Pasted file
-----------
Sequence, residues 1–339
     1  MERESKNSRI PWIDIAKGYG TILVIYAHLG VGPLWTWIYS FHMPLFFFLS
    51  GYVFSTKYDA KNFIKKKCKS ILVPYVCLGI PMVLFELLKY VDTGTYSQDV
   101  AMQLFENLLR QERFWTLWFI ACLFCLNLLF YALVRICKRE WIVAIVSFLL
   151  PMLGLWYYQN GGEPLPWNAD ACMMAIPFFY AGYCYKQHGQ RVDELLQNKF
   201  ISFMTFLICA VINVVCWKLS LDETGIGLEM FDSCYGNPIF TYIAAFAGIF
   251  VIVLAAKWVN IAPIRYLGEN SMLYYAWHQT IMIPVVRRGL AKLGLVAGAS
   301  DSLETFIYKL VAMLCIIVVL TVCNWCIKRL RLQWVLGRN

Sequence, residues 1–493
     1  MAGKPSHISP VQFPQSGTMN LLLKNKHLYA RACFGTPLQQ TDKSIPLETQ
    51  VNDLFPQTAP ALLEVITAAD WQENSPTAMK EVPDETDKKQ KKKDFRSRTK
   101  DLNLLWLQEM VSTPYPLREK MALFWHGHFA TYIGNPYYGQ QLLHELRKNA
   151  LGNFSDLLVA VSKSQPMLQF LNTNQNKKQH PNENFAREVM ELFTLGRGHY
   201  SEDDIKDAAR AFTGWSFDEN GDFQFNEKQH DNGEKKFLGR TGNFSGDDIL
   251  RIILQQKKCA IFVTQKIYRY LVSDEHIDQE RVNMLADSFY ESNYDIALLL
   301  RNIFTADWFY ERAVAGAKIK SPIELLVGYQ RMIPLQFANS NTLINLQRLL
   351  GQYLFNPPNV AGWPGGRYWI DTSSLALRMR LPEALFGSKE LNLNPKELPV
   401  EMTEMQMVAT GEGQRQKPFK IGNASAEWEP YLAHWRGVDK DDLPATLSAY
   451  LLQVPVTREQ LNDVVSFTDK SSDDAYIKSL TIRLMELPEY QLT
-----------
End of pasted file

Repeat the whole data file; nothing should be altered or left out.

Sequence, residues 1–339
     1  MERESKNSRI PWIDIAKGYG TILVIYAHLG VGPLWTWIYS FHMPLFFFLS
    51  GYVFSTKYDA KNFIKKKCKS ILVPYVCLGI PMVLFELLKY VDTGTYSQDV
   101  AMQLFENLLR QERFWTLWFI ACLFCLNLLF YALVRICKRE WIVAIVSFLL
   151  PMLGLWYYQN GGEPLPWNAD ACMMAIPFFY AGYCYKQHGQ RVDELLQNKF
   201  ISFMTFLICA VINVVCWKLS LDETGIGLEM FDSCYGNPIF TYIAAFAGIF
   251  VIVLAAKWVN IAPIRYLGEN SMLYYAWHQT IMIPVVRRGL AKLGLVAGAS
   301  DSLETFIYKL VAMLCIIVVL TVCNWCIKRL RLQWVLGRN

Sequence, residues 1–493
     1  MAGKPSHISP VQFPQSGTMN LLLKNKHLYA RACFGTPLQQ TDKSIPLETQ
    51  VNDLFPQTAP ALLEVITAAD WQENSPTAMK EVPDETDKKQ KKKDFRSRTK
   101  DLNLLWLQEM VSTPYPLREK MALFWHGHFA TYIGNPYYGQ QLLHELRKNA
   151  LGNFSDLLVA VSKSQPMLQF LNTNQNKKQH PNENFAREVM ELFTLGRGHY
   201  SEDDIKDAAR AFTGWSFDEN GDFQFNEKQH DNGEKKFLGR TGNFSGDDIL
   251  RIILQQKKCA IFVTQKIYRY LVSDEHIDQE RVNMLADSFY ESNYDIALLL
   301  RNIFTADWFY ERAVAGAKIK SPIELLVGYQ RMIPLQFANS NTLINLQRLL
   351  GQYLFNPPNV AGWPGGRYWI DTSSLALRMR LPEALFGSKE LNLNPKELPV
   401  EMTEMQMVAT GEGQRQKPFK IGNASAEWEP YLAHWRGVDK DDLPATLSAY
   451  LLQVPVTREQ LNDVVSFTDK SSDDAYIKSL TIRLMELPEY QLT